Dr. Adler did not comment on this question.

 

History, Ph.D., 2010 at the University of California Santa Barbara. Dr. Farzaneh is expertly skilled in: History of Iran, the modern Middle East, Islamic civilization and political Islam.

History Professor
Associate Professor of History and the Principal of the Mossadegh Initiative

For the public reading this interview, may you please introduce yourself and tell us anything about you?

F: My name is Mateo Mohammad Farzaneh. I’m an associate professor of history at NEIU. I teach all related courses to the Islamic Civilization in Spain and the Middle East, and I primarily focus on political Islam in Iran and Iraq in the 19th and 20th centuries.

What is your stance on Donald Trump? How has he served in his capacity as President of the United States?

We live in very interesting times, to put it mildly. This president and his administration are perhaps the most unconventional in the way of implementing foreign policy in the history of the United States. That is also enhanced by the massive role of technology and the flow of information that makes President Trump’s action obvious for many who are focusing on his actions.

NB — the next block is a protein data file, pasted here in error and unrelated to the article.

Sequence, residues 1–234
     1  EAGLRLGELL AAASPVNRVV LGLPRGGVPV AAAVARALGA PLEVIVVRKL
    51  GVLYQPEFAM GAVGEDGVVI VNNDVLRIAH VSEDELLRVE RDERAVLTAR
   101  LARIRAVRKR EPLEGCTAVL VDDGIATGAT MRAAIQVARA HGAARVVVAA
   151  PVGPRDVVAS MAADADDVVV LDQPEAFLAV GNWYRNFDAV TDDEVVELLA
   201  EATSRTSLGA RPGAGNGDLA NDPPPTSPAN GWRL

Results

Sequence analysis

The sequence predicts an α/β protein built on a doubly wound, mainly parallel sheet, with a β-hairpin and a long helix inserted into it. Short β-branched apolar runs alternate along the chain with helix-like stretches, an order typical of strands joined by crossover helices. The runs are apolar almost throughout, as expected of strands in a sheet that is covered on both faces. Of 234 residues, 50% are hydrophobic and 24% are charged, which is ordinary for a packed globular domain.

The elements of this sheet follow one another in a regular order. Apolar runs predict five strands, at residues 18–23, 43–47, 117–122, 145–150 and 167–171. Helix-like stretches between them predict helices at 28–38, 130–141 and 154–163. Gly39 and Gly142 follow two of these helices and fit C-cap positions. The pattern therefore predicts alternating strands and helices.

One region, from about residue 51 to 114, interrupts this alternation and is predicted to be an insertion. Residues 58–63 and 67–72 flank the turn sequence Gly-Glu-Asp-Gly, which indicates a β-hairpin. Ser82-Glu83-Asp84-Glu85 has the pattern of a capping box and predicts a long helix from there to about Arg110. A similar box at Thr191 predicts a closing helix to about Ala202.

What is your stance on Qassem Soleimani and his performance and impact in his capacity as Major General of the IRGC (Islamic Revolutionary Guard Corps)?

Qassem Soleimani, who was affectionately referred to as “Hajj Qasem” by many, was perhaps the closest military general to the Iranian supreme leader Ayatollah Ali Khamenei. He began his voluntary work in the Islamic Revolutionary Guards Corps at the age of 20 and served in the Iran-Iraq war first as a volunteer fighter and then as the commander of the 41st infantry division of the IRGC from his hometown of Kerman in the south. He was appointed to the commander of the Qods force–that is the foreign arm of the IRGC–and was a key figure, if not the mastermind behind pushing ISIS back from Iran and Syria. He worked in close cooperation with American-led coalition forces and was instrumental in that regard in defeating ISIS. Therefore, his assassination is a big loss for all who are interested in having peace in the Middle East.